Maurice Emmer: And then could we ask the other sitting members of the of the General Assembly to do the same thing and say, hey, give us some comments, guys. I mean, if you want to keep your districts, then give us some ammunition. We need talking points. And I know that the commissioners don’t want to see form letters coming in and they don’t want to hear the same thing over and over again. But they do hear repetitive- they want- you know, it helps to hear a lot of people saying pretty much the same kind of thing that we need that from. Don’t you agree, Kevin, that we need that from these guys?
Kevin McCarney: It would really be helpful to have something from Perry Will in particular, Matt in particular, Mark Catlin, and, -oh I’m forgetting him now- Don Coram in particular on these maps. Kristi has actually sent me some of the redraws that she’s wanted me to present, which moves Matt back into his district, moves Perry Will back in his district, leaves the commonality which should exist and it’s existed for 30 years.
Kevin McCarney: The thing for everybody to remember, I was I actually testified the last time they did this and they took a 32- or 33-32 Republican majority in the House when the election of 2010 and turned it into a 37- 29 or 37-28 Democrat majority just by redistricting people into and out of districts. It’s going to be important, important, important that we have a big turnout because over on the Eastern Slope in Aurora and places like that, there were huge Democrat turnout. So we need to put our voice in there.
Kevin McCarney: I will try to get those maps downloaded. Obviously, there’s been some stuff, other stuff that I’ve been working on that Kristi has asked me to present these maps at the hearing here on July 30th. And I’ll try and get them together where I can get out to the folks can use them as well. But what it does is returns Delta, back- Western Delta County- back to Mesa County. It takes that will bulge out at the top of Mesa County and returns it back to where it belongs. And actually, I think one of the maps takes part of Gunnison because the rest of Gunnison has nothing in common with Crested Butte. I hate to say that, but there is no commonality between Crested Butte and rest of Gunnison County. And so I actually I think the goal is to return to some county back to common seat with Montrose because there’s a lot more commonality between Montrose and Gunnison. Highway 50 runs right up from Montrose, right up to the Gunnison and then all the way east.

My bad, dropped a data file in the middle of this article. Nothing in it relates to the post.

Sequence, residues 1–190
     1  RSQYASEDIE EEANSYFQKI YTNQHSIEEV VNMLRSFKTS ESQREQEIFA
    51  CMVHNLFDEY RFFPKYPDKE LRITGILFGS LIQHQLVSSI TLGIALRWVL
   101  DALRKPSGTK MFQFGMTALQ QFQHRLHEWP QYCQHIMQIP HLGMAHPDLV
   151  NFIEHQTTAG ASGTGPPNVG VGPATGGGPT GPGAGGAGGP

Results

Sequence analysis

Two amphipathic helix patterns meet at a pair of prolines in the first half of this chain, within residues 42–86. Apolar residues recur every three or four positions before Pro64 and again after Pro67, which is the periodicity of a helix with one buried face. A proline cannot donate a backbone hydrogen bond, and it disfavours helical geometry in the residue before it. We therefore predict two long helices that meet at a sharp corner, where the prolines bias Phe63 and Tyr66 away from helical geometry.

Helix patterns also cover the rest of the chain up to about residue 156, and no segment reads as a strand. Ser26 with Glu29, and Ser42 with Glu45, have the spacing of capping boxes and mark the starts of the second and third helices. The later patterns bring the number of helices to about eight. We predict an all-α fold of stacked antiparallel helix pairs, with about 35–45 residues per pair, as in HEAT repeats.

Kevin McCarney: So there are maps out there that are going to be presented. I’m planning on testifying and I know we’re going to get groups from a bunch of other groups to testify, but we need to be voicing- and and really we talk about talk about this a little bit. We can’t say, ‘hey, put Matt Soper back where he belongs’ and you can’t do ‘hey, put Perry Will back where he belongs,’ but which can do is a western Delta County has been traditionally teamed with Mesa County because of the commonality of agriculture and the rivers and Highway 50. That continuity needs to be preserved because it’s been there for a long time and there is a commonality because people move towards Grand Junction. And frankly, I don’t think and you don’t have Olathe on the map, but this Senate district in particular in the House district, Olathe, has much more in common with Montrose, they belong there. So if you cut that western Delta County and put it back where it belongs, you have more commonality. Paonia- we don’t have anything in common with Paonia.
Kevin McCarney: You know, I don’t understand why they’re doing this other than, you know, they’re not supposed to be able to look at who lives where. But you have a hard time convincing me that they didn’t look at the map and say, hey, we can put Mark Caitlin and Matt Soper together and make them fight it out. You know, so I plan on being there next Friday as soon as he shows us how to sign up.
Maurice Emmer: OK, so OK, Matt, so please proceed because I want to have some time for some questions.
Rep. Soper: Thank you. And I’m showing just how Delta County is divided because it’s a good example of how crazy this map is. It’s a little bit more detailed. And Kevin, I just want to say thank you so much for being there and presenting and having a map.
Kevin McCarney: I already yelled at our side so I might as well yell at everybody.